Bromate

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Bromate
Bromate anion.svg
Bromate-3D-vdW.png
Identifiers
CAS number 15541-45-4 N
PubChem 84979
ChemSpider 76658 YesY
ChEBI CHEBI:29223 YesY
ChEMBL CHEMBL1161635 N
Jmol-3D images Image 1
Except where noted otherwise, data are given for materials in their standard state (at 25 °C (77 °F), 100 kPa)
 N (verify) (what is: YesY/N?)
Infobox references

The bromate anion, BrO
3
, is a bromine-based oxoanion. A bromate is a chemical compound that contains this ion. Examples of bromates include sodium bromate, (NaBrO
3
), and potassium bromate, (KBrO
3
).

Bromates are formed many different ways in municipal drinking water. The most common is the reaction of ozone and bromide:

Br
+ O
3
→ BrO
3

Electrochemical processes, such as electrolysis of brine without a membrane operating to form hypochlorite, will also produce bromate when bromide ion is present in the brine solution.

Photoactivation (sunlight exposure) will encourage liquid or gaseous chlorine to generate bromate in bromide-containing water.

In laboratories bromates can be synthesized by dissolving Br
2
in a concentrated solution of potassium hydroxide (KOH). The following reactions will take place (via the intermediate creation of hypobromite):

Br
2
+ 2 OH → Br
+ BrO
+ H
2
O
3 BrO
→ BrO
3
+ 2 Br

Human health issues[edit]

Bromate in drinking water is undesirable because it is a suspected human carcinogen.[1][2] Its presence in Coca Cola's Dasani bottled water forced a recall of that product in the UK.[3]

Bromate formation during ozonation[edit]

Although few by-products are formed by ozonation, ozone reacts with bromide ions in water to produce bromate. Bromide can be found in sufficient concentrations in fresh water to produce (after ozonation) more than 10 ppb of bromate--the maximum contaminant level established by the USEPA. Proposals to reduce bromate formation include: lowering the water pH below 6.0, limiting the doses of ozone, using an alternate water source with a lower bromide concentration, pretreatment with ammonia and addition of small concentrations of chloramines prior to ozonation.[4]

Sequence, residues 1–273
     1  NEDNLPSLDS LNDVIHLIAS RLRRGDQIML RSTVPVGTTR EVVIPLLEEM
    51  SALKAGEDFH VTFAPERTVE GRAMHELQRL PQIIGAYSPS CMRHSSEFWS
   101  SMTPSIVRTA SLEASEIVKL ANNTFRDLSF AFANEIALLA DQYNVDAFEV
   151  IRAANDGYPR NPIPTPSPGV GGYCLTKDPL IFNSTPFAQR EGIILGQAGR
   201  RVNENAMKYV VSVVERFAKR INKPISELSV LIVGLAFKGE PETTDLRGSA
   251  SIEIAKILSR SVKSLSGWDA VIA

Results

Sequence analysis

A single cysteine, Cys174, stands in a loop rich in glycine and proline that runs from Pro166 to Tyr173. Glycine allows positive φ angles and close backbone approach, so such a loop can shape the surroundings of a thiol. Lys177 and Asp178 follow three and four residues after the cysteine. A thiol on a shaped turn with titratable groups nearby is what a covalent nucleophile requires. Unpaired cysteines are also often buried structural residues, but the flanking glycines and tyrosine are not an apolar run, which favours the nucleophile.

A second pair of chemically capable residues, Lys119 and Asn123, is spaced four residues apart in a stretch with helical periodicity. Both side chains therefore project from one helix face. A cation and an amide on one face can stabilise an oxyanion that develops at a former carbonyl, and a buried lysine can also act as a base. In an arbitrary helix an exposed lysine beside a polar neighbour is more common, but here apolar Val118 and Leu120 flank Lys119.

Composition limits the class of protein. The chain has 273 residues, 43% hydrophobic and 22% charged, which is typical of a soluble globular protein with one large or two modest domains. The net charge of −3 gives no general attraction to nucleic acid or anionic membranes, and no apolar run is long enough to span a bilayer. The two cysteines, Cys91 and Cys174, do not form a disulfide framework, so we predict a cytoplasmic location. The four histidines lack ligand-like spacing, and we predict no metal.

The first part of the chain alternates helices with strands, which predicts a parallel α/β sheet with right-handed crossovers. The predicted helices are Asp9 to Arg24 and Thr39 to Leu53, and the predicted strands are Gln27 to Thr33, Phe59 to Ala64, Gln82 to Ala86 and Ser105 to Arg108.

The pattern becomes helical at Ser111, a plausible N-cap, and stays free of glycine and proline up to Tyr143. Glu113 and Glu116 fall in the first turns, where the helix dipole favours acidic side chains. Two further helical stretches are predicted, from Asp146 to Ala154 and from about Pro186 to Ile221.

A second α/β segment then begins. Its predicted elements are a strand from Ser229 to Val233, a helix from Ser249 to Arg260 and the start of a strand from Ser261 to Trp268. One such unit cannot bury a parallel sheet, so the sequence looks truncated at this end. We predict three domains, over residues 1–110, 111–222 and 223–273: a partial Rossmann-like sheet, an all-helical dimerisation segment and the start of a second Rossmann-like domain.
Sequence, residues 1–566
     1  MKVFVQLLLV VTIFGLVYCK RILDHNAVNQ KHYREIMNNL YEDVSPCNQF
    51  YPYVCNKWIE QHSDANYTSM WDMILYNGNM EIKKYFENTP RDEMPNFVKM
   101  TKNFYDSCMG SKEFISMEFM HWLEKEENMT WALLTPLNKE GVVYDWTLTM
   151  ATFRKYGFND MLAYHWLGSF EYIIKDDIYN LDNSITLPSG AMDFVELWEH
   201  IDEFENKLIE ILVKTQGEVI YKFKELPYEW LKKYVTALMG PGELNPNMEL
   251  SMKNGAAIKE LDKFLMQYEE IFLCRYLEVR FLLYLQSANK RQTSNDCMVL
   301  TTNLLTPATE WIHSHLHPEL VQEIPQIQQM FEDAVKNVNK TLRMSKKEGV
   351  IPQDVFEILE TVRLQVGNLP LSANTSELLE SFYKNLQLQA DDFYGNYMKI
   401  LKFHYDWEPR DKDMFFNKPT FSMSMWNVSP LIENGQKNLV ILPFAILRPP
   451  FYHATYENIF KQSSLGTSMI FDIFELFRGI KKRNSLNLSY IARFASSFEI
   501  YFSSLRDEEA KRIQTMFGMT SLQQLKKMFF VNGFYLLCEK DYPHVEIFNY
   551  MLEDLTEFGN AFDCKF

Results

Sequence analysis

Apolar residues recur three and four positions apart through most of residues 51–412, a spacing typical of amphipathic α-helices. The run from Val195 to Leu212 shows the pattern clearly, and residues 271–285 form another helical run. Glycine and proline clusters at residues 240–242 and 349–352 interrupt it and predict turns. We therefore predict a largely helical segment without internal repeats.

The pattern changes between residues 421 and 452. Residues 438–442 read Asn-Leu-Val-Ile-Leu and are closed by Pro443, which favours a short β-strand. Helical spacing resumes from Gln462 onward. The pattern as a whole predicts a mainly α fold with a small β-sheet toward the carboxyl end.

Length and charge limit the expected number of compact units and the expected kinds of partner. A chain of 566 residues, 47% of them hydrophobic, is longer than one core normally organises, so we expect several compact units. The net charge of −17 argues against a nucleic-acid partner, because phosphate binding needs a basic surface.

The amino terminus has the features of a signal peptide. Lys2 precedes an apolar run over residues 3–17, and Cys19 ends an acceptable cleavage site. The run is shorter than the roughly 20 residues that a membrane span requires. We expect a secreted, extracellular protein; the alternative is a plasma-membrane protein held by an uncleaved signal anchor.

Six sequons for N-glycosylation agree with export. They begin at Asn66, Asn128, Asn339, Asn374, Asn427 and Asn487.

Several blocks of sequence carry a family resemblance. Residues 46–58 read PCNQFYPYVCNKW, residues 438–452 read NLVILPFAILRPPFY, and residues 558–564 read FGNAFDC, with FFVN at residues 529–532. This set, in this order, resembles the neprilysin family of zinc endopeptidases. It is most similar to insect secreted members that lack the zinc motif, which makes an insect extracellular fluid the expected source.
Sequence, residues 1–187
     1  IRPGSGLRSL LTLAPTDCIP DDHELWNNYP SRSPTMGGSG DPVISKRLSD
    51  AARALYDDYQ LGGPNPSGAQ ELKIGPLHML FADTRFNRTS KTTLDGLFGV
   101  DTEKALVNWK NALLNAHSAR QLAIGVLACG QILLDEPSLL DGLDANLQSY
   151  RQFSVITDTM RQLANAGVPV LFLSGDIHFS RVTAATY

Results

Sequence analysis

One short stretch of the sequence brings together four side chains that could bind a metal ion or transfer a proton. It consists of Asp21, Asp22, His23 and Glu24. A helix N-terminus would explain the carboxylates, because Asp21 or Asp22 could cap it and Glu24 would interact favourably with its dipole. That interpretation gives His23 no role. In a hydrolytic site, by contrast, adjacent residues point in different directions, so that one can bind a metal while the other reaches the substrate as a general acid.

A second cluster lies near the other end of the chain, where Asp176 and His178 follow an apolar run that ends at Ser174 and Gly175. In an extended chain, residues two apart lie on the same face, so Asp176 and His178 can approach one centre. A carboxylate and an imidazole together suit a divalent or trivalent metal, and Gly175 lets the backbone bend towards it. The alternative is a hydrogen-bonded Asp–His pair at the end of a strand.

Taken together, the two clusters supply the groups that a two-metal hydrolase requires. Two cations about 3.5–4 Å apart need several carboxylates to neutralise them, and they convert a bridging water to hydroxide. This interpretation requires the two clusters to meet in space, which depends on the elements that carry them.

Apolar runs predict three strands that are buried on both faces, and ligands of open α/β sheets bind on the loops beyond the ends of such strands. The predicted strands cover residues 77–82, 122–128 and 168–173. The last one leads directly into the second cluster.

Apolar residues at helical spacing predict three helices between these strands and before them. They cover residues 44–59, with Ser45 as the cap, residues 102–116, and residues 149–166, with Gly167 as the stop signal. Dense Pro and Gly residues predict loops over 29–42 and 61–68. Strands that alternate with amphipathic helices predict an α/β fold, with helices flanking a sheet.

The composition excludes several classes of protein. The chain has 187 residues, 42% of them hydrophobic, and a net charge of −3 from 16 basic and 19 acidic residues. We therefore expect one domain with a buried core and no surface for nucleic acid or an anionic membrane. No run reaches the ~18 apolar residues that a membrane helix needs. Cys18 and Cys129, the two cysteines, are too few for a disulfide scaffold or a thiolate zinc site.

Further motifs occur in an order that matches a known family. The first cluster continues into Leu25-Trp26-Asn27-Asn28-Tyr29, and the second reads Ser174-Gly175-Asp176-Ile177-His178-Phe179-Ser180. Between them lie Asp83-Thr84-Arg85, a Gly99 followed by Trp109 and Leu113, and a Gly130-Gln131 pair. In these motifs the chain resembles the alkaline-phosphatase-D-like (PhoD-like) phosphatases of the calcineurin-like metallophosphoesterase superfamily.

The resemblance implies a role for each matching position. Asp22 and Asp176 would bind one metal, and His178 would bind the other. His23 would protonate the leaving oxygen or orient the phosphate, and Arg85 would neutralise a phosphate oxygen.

Reservoir pollution[edit]

On December 14, 2007, the Los Angeles Department of Water and Power (LADWP) announced that it would drain Silver Lake Reservoir and Elysian Reservoir due to bromate contamination. At the Silver Lake and Elysian reservoirs a combination of bromide from well water, chlorine, and sunlight had formed bromate. The decontamination took 4 months, discharging over 600 million US gallons (2.3×10^6 m3) of contaminated water.[5]

On June 9, 2008 the LADWP began covering the surface of the 10-acre (4 ha), 58-million-US-gallon (0.22×10^6 m3) open Ivanhoe Reservoir with black, plastic balls to block the sunlight which causes the naturally present bromide to react with the chlorine used in treatment. It will require 30 million of the 40 cent balls ($12 million) to cover the Ivanhoe and Elysian reservoirs.[6]

References[edit]

  1. ^ "Potassium Bromate (Group 2B)". International Agency for Research on Cancer: Summaries and Evaluations. Canadian Centre for Occupational Health and Safety. Retrieved 2008-03-09. 
  2. ^ Kurokawa, Yuji; Maekawa, A; Takahashi, M; Hayashi, Y (July 1990). "Toxicity and carcinogenicity of potassium bromate—a new renal carcinogen". Environmental Health Perspectives (Environmental Health Perspectives, Vol. 87) 87: 309–35. doi:10.2307/3431039. JSTOR 3431039. PMC 1567851. PMID 2269236. Retrieved 2008-03-09. 
  3. ^ "Coke recalls controversial water". BBC News. 2004-03-19. Retrieved 2008-03-09. 
  4. ^ Neemann, Jeff; Hulsey, Robert; Rexing, David; Wert, Eric (2004). “Controlling Bromate Formation During Ozonation with Chlorine and Ammonia.” Journal American Water Works Association. 96:2 (February) 26-29.
  5. ^ "DWP To Drain 2 Reservoirs After Potentially Harmful Chemical Found". KNBC News. 2007-12-14. Retrieved 2008-03-09. 
  6. ^ Vara-Orta, Francisco (2008-06-10). "DWP drops 400,000 balls onto Ivanhoe Reservoir". Los Angeles Times.